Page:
A July 2011 poll of 1,202 likely voters American voters conducted by The Mellman Group and Ayres, McHenry & Associates revealed that voters want Washington to act on jobs, especially in manufacturing, which they believe will help restore America's lost status as the world's number one economy. Despite overwhelming public concern about these issues, fewer voters now believe the president or either party in Congress is focused on jobs than thought so in 2010.
"This poll is a stark reminder that while official Washington goes back and forth in our newest crisis, Americans still feel no one is focusing on the real problems that matter to them: losing jobs, losing our manufacturing base, and the decline of our position in the world," said Scott Paul, Executive Director of the Alliance for American Manufacturing (AAM).
The study finds that across the partisan spectrum, Democratic and Republican voters ranked job creation and rebuilding the nation's manufacturing base at the top of their list of priorities. When asked to select the most important task for Congress and the president, "creating new manufacturing jobs" ranked just below creating jobs more generally and saw a bigger gain from 2010 (up 9%) than any other option.
Americans don't believe that Congress or the president has done enough to support manufacturing. Poll results showed that by a more than two-to-one margin (67% to 29%) voters prefer that Washington focus on job creation rather than deficit reduction. This was down from the 2010 poll where 94% of voters wanted Washington to focus on jobs even more than on the deficit, with 85% specifying creating manufacturing jobs, and 88% of voters wanting Congress and the president to strengthen manufacturing in the U. S.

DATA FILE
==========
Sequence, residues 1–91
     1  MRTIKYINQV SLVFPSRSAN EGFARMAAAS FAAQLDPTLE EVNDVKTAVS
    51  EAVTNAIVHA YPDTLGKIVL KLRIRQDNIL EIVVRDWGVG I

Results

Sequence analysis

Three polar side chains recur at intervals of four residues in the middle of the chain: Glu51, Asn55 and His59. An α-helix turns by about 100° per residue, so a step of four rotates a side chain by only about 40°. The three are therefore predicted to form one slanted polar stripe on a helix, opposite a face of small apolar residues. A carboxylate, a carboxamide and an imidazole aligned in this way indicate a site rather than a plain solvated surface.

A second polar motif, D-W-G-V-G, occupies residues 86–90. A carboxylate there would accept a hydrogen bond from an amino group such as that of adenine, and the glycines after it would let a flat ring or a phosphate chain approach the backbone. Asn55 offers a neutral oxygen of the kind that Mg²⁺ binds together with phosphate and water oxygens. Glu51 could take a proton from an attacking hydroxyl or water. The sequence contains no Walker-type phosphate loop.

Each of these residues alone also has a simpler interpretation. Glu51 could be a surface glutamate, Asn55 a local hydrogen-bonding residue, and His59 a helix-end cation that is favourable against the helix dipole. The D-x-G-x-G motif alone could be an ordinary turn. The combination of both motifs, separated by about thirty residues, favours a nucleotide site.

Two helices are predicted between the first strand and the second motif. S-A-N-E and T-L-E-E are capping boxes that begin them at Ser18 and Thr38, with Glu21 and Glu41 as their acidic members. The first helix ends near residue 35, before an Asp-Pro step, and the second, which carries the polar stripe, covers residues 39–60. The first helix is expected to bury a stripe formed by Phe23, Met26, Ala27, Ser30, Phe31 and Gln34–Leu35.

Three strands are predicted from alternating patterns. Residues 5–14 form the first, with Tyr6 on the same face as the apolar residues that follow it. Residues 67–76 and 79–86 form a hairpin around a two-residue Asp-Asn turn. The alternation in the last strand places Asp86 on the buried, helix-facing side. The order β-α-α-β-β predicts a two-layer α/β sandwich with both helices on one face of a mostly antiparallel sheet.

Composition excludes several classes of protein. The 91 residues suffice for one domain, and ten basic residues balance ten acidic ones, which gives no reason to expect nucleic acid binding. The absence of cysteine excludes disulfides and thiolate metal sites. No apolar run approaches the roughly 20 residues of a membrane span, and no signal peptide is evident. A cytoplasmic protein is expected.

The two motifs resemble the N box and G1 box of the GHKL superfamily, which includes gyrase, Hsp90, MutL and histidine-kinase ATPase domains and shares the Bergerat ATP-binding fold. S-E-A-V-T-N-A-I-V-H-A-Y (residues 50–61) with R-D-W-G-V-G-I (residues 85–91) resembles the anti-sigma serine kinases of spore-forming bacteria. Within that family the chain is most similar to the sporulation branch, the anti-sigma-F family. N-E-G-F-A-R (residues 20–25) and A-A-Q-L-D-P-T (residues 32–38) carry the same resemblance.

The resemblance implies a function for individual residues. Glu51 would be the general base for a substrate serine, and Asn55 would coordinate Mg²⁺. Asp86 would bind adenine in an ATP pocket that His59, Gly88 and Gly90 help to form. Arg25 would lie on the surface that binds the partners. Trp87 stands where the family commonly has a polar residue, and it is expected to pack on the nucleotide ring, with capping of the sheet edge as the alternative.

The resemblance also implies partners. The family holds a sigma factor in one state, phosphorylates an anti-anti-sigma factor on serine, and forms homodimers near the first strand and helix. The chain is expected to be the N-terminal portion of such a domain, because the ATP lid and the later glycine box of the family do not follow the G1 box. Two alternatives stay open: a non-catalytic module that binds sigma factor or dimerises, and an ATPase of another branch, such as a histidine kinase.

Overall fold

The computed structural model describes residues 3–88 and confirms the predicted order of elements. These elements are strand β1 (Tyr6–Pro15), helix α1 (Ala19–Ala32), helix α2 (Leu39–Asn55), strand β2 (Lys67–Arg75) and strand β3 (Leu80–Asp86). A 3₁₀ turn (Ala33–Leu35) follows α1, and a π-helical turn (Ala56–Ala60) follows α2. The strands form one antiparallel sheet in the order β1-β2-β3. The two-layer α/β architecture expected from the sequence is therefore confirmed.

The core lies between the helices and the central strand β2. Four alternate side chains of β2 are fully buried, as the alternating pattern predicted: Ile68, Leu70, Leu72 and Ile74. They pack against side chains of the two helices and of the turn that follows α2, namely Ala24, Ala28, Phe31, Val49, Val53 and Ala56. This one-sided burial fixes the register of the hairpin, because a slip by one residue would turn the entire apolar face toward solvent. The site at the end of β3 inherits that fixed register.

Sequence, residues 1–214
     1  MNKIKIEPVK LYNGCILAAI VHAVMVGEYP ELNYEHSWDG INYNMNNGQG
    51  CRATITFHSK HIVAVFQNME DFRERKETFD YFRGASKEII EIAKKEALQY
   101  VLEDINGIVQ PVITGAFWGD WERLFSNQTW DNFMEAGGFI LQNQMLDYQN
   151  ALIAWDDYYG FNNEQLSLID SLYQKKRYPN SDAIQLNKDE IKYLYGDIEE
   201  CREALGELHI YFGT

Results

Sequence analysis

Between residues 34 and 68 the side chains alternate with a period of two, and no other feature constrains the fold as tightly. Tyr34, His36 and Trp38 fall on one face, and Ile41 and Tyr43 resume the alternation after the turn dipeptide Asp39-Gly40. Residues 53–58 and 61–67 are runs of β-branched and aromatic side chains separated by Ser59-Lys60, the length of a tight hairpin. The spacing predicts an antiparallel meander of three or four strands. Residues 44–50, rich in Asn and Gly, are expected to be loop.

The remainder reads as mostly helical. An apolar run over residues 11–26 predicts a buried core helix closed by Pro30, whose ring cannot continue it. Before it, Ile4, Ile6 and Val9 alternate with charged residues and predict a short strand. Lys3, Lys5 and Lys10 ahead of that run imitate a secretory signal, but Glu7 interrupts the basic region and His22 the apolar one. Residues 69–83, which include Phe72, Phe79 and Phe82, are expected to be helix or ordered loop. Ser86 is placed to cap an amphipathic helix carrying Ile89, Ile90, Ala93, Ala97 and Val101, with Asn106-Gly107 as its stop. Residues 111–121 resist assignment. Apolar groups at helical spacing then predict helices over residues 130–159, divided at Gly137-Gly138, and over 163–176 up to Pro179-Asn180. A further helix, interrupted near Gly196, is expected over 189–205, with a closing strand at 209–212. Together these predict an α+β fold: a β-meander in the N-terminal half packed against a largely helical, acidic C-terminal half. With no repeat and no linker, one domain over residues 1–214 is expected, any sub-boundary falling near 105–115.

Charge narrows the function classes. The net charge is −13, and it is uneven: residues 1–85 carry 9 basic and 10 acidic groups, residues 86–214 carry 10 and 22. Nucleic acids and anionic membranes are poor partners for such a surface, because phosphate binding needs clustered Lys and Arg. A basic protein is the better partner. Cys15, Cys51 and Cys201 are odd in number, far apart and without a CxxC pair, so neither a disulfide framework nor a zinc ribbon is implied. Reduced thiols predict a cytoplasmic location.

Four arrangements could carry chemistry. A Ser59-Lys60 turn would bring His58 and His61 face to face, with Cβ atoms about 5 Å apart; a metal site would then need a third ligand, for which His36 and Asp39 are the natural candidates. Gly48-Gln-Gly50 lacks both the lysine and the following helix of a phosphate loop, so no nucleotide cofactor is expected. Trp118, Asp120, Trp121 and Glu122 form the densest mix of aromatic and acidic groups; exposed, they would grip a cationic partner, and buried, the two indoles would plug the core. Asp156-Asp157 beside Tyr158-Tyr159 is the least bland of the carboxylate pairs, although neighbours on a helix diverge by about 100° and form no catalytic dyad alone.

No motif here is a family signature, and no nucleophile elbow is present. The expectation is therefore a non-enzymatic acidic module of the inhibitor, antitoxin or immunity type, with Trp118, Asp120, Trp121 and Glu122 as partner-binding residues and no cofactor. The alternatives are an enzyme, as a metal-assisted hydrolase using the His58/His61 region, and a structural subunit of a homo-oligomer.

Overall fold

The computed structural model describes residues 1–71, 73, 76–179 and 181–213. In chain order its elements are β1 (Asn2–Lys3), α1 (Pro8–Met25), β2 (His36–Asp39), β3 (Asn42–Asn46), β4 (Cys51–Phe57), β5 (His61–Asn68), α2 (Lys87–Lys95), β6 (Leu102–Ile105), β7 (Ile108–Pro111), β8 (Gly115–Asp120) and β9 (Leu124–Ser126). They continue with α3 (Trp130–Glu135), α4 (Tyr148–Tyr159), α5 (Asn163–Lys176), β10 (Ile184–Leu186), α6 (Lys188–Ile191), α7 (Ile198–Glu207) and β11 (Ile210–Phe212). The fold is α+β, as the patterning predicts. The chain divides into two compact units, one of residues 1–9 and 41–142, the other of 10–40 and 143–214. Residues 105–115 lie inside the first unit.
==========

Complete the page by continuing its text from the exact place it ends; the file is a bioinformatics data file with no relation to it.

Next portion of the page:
Voters are less convinced than a year ago that Congress and the administration are doing anything to create manufacturing jobs or to enforce fair trade. Although manufacturing was again ranked as the most important source of economic strength (by a wide margin over both healthcare and high tech), voters gave both Congress and the president lower marks on creating manufacturing jobs or addressing trade issues than they did in 2010.
AAM's 2010 poll first demonstrated serious voter concern about factory closings and job loss. In the 2010 poll, there was very little difference in the opinion of Independents, Democrats, and Republicans (64%, 67%, and 66% respectively) on the viewpoint that "manufacturing is a critical part of the American economy and we need a manufacturing base here if this country and our children are to thrive in the future."
Said Paul, "Voters see manufacturing as the key to recovery, and though it may surprise some pundits, this is the clear message from every voting demographic, including Tea Party and Republican voters."
Along with manufacturing's rising profile, support for "Made in America" has also skyrocketed since 2010. Pollster Whit Ayres explains, "Americans strongly believe that we cannot be the world's leading economy and job creator without manufacturing. They want to be able to buy top-quality products that say 'Made in America.'"